Tuesday, January 24, 2012

A Tasty Recipe for Making False Christians

1. Start with people who have either rejected or have never heard the gospel.

2. Pour a heavy dose of ear tickling, making sure that you separate as much offensive material in the Bible as you are able, and emphasize as much of the emotionally stirring stuff in its place. (Substitute as many sentimental stories and exciting experiences from outside of the Bible as needed.)

3. Stir with to whatever music your particular people-group best respond.

4. Make sure Jesus is presented as a healthy addition to their lives, someone who is merely there to help them in whatever life they have chosen for themselves, and not someone who will demand to rule every aspect of their lives, calling them to repentance and true faith that brings about a radical change in thinking and lifestyle.

5. Boil in a dramatic altar call, while stirring with a heavy dose of sentimental music.

6. Keep in the pot until luke-warm or cool, never introducing too much heat from the whole counsel of God. (Too much exposure to the whole counsel of God can ruin the "Christianesque" presentation of the false Christian.) Keep them away, then, from wholistic Bible reading, and instead, suggest devotional books, studies, and encouraging calendars that have uplifting verses for everyone who reads them, regardless of their disposition toward Christ (i.e., verses out of context).

7. Make sure you label the dish, as the identity of the false Christian must be gained from calling it "Christian," not by faith in the truth that leads to right practice. This can be done by affirming one's identity through heavy repetition in song, "I love you Lord," sung over and over again, means that the person must be a Christian because he constantly says that he loves the Lord; "Jesus is Lord" must mean that Jesus is the Lord of the person's daily thinking and activity, since he sings that Jesus is his Lord, etc.; or it can be accomplished just in the mere labeling of anything that person believes and does as "Christian," since he is a Christian who thinks and does them. The importance here is identification through label rather than by the actual ingredients of his faith and practice.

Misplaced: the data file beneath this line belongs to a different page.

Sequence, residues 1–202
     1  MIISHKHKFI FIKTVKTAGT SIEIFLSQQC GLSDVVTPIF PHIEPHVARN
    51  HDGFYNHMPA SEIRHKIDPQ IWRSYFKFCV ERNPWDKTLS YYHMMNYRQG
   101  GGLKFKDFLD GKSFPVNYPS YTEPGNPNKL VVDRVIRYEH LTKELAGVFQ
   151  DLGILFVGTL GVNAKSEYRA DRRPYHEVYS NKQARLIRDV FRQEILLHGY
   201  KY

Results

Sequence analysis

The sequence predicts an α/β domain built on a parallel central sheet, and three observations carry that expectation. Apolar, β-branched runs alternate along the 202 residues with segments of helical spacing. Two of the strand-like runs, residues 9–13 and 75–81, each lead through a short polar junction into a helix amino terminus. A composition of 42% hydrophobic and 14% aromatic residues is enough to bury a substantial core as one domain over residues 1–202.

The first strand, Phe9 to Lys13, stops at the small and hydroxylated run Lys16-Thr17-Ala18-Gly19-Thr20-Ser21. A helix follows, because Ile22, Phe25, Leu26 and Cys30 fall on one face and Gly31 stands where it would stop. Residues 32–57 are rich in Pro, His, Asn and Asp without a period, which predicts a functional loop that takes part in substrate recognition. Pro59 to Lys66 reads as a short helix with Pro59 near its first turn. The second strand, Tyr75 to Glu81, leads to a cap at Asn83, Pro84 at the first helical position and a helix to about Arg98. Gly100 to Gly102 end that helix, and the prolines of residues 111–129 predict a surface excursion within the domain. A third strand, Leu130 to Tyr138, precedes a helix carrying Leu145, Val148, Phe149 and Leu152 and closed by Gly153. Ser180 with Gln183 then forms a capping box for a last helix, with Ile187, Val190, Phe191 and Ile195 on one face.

8. Most important is to make sure they are not spoiled by others who might add salt and light. You can do this by keeping these other chefs in a bad light by saying that they are legalistic, dogmatic, know-it-alls, arrogant, etc., which the false Christian will already believe to be wrong (if he doesn't, make sure you repeat over and over again that they are). This will ensure that your false Christian stays far away from anyone who might add or take away ingredients in order to allow the Master Chef to turn him into a real Christian.

9. Your false Christians are ready to serve a dark and dying world yet another false religion that can steer them away from any nourishment of the truth, and will be sure to provide a quick sugar rush as the next big spiritual fad. If you like candy bars as a staple diet for adults and children alike, then you will love the sugar rush of a false Christian. Just like a snickers, it can make you think that you've made something nutritious for all to eat. And that makes us feel all warm and yummy inside.

You may have wanted to make a real Christian, but making false ones in absence of real ones is the next best thing. If you can't have the miracle of conversion that only the Master Chef can make, make false miracles that seem to taste just as good to us (use the Egyptian magicians as your guide). In fact, you can make a hundred false Christians in the same time it takes to make one real one (now that's something to brag about, and many do). It sure makes me feel good, and like I'm doing something for God. Who could possibly argue with that?


  1. Very creative and true! (Even better than your salsa dip.)

    I read this correlating thought today written by Michael Horton:

    Christless Christianity does not mean religion or spirituality devoid of the words "Jesus," "Christ," "Lord," or even "Savior." What it means is that the way the names and titles are employed will be removed from their specific location in an unfolding historical plot of human rebellion and divine rescue and from such practices as baptism and Communion. Jesus as life coach, therapist, buddy, significant other, founder of Western civilization, political messiah, example of radical love, and countless other images can distract us from the stumbling block and foolishness of "Christ and him crucified."

  2. Truth,

    LOL. Sounds just like him, doesn't it?


    Good stuff. Horton is definitely someone from whom every false Christian should stay far away, as a heavy dose of Horton's stuff will surely bring the false Christian to ruin (in one way or another).